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Cross-Training With Hiking

Cross Training Hiking Hollie Sick FueledByLolz Run Tri Bike Magazine

Running is hard on your body, both physically and mentally. Serious training pushes your body to the extreme on most days. Cross-Training with Hiking can be added to your schedule but doesn’t occur to most runners. But a hiking workout can be really beneficial as a complementary addition to your training. Hiking provides huge benefits without taxing your body as much as running does.

Although hiking obviously is slower than running, it can increase your heart rate and use muscles that you need to strengthen. While you don’t need to replace every easy run with a hike, adding one weekly can improve your overall fitness.

Why Cross-Training With Hiking Should Be Part of Your Training?

You Can Cross-Train without A Gym:

A common excuse runners give for why they don’t cross-train is that they don’t have access to a gym. Most hikes are free of charge or may require an inexpensive parking pass. You can find places to hike virtually anywhere. Hiking doesn’t mean climbing a mountain. There are amazing hiking trails all over the country and the world.

Hiking Works on Breathing:

Breathing is a huge component of running. Runners generally are weak in that department. Hiking, especially at higher altitudes, causes the lungs to work hard without taxing the body in the same way running does.

Gives Your Running-Specific Muscles a Chance to Rest:Β 

Every sport uses specific muscles more than others, and running is no different. Adding a hike or two a month can give your running muscles a break, while still helping you maintain your cardio fitness.

Adds Longevity to Your Training:

They say that variety is the spice of life. Distance runners are susceptible to getting burned out or injured by repeating the same routine week after week. Adding a good hike gives you an exciting workout and uses muscles you don’t usually use. By changing it up, you are less susceptible to injury or burnout. Both are enough to knock you out on race day.

Hiking Increases Power:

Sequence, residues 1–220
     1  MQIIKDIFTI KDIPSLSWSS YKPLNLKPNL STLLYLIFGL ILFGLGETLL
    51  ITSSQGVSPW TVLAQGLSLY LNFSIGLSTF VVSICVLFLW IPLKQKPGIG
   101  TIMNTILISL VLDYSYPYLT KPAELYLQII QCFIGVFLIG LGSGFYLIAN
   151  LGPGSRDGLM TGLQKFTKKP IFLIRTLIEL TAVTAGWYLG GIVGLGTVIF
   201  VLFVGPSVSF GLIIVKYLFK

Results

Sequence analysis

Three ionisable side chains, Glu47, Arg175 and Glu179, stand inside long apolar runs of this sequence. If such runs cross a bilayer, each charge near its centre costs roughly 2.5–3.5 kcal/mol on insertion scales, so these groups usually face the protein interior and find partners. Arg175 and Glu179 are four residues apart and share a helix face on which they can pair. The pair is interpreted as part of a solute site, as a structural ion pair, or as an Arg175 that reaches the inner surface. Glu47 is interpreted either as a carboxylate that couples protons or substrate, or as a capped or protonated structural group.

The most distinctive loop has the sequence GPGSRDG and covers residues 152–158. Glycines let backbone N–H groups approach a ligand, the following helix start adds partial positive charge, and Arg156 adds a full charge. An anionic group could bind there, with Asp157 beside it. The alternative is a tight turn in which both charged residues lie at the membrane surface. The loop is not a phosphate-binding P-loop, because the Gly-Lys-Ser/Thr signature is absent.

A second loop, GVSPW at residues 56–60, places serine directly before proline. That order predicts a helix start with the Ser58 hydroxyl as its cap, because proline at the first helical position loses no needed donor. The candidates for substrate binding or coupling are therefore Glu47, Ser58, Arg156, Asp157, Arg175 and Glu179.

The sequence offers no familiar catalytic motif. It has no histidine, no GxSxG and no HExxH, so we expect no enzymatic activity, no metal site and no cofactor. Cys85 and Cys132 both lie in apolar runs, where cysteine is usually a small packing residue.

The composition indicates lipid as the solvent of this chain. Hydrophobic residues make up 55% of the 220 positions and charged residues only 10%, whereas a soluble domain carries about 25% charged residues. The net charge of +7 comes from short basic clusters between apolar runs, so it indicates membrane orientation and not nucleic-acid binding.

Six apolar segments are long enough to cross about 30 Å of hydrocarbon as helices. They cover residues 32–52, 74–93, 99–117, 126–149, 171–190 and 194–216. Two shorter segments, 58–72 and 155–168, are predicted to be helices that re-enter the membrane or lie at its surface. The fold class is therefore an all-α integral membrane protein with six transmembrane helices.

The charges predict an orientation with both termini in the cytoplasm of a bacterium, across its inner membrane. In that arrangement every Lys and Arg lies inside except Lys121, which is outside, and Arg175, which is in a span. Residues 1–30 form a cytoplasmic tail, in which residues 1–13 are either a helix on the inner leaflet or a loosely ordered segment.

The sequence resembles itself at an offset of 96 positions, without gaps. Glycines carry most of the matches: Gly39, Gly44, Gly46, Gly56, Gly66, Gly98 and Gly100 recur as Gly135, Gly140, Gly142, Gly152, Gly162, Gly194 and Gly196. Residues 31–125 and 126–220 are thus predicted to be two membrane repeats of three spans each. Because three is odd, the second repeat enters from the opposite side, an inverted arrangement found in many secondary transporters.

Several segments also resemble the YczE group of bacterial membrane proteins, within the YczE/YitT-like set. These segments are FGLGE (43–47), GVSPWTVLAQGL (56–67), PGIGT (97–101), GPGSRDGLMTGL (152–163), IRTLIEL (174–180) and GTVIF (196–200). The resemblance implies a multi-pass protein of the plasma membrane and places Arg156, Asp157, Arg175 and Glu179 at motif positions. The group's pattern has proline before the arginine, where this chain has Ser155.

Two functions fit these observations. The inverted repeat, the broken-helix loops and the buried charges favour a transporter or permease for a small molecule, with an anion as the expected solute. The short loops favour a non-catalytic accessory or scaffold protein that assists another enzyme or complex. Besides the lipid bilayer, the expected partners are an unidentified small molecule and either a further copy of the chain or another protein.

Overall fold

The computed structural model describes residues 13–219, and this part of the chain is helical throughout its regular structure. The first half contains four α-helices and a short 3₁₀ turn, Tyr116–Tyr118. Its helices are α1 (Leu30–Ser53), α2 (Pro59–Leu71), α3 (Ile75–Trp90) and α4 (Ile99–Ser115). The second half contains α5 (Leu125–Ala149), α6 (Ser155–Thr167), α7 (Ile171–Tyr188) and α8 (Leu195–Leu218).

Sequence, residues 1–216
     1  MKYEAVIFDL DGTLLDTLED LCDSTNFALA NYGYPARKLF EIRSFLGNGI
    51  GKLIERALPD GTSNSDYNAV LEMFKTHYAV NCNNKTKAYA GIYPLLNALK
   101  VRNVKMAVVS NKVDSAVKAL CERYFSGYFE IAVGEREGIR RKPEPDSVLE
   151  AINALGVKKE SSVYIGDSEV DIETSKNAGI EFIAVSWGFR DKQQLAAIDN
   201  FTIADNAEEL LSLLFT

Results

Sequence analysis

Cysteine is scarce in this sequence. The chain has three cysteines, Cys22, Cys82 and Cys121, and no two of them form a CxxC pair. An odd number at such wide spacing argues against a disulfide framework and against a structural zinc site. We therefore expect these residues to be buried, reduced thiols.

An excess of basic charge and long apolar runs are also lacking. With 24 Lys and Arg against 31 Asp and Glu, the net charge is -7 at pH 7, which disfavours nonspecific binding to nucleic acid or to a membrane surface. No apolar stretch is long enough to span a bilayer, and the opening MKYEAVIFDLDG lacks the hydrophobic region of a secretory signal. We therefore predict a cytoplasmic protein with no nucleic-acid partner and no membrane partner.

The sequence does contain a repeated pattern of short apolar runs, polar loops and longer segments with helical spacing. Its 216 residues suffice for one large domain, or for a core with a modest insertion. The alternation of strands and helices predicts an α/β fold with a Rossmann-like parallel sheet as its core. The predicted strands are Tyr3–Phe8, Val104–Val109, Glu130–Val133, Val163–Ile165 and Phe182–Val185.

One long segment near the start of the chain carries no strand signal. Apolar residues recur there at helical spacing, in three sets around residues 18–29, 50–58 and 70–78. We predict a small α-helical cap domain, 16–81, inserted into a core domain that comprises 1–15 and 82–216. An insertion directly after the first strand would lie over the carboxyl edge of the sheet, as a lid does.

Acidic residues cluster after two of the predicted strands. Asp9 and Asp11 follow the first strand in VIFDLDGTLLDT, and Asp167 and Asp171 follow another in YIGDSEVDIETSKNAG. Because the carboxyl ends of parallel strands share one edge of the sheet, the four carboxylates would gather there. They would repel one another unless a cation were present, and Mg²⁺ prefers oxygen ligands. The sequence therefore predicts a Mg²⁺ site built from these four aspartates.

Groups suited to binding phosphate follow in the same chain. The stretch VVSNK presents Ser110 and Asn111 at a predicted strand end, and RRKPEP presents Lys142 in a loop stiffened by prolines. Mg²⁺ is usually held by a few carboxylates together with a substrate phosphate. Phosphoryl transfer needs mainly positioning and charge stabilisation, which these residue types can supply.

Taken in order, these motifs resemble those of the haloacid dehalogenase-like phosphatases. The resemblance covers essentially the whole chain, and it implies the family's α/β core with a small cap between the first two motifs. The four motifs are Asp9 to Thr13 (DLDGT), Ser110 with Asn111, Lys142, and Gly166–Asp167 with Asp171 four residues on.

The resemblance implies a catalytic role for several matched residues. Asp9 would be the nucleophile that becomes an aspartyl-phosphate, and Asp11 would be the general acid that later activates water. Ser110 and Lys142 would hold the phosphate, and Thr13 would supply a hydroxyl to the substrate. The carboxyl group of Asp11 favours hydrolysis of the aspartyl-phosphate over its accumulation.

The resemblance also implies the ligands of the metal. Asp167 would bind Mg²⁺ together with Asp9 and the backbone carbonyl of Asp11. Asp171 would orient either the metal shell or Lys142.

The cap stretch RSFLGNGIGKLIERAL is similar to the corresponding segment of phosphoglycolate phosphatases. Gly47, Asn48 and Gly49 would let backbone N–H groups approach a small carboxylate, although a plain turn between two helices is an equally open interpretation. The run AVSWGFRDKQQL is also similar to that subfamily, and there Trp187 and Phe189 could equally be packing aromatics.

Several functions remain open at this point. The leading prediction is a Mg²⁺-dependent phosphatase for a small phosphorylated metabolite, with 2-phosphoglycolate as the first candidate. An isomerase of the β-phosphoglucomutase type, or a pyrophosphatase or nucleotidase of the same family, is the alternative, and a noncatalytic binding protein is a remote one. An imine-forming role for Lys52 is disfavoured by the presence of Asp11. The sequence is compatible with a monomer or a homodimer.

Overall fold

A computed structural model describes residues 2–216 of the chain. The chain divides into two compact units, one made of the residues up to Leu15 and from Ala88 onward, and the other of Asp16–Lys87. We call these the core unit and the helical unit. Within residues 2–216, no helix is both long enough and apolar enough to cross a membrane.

Most people hike to get to the top of something, so it makes sense that hiking can benefit your uphill strength. If you are preparing for a hilly marathon or even a trail race, hiking can help increase your power to take on those uphill segments of the race.

Hiking Improves Leg Strength:

Many common running injuries are caused by weak glutes. Uphill hiking uses your glutes to get to the top of the incline. The body’s motion of powering uphill mimics the motion of running at top speed.Β 

Hiking back downhill helps build strength in your quads. Anyone who has run a long-distance race knows how sore quads can be the day after a marathon.

Balancing Muscles and Stabilizers:

The terrain for hiking is typically uneven. This means your balancing muscles and stabilizers must work hard to prevent you from falling. These muscles are often weak for most runners because we don’t use them as much when we are purely running.

How Can You Incorporate Hiking Into Your Training?

Switch Out Easy Days:

That doesn’t mean hiking is easy. You’ll probably be sore after a good hike. You don’t need to switch out your marathon-paced long run for a 20-mile hike. That will likely do more damage than good. Instead, try switching out on an easy day you’ve set aside in your running workouts.

You Don’t Need To Go All Out:

Ask yourself what you want to get out of your hikes. If your answer is becoming more competitive in marathons, keep in mind that you don’t have to go as hard as possible and as long as possible. Add hikes that challenge you, but not so much that they take a week or two to recover.

Don’t Choose a Strenuous Hike the Day Before a Long Run or Workout:

Just like with your running training, you don’t need to do back-to-back hard workouts. Choose a day to hike where you can spend the next day recovering or running easily. That way, you can stay fresh for your more strenuous efforts later.

Find What Excites You:Β 

Look for hikes that interest and excite you. It will feel not so much like a chore if you like to hike and are excited to do so. As with anything, find out for yourself what sounds fun!

Invest in Good Shoes:

Look for either hiking boots or trail shoes that feel comfortable and have plenty of traction for the type of hikes you plan to do. You can hike in a regular running shoe, but it’s not going to be great, and you might have trouble climbing steep terrain.

Cross-Training with hiking can be a great addition to your running workouts. It can help make you stronger. It’s essential to plan your hiking workouts so they don’t interfere with your running and only enhances it.

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Cross-Training With Hiking

Hollie is a runner, hiker, swimmer, residing in California. She has worked in run specialty for nearly 8 years and has fit hundreds of people for shoes. Outside of the running world, she enjoys the general aviation world, her two cats, and spending time with her spouse.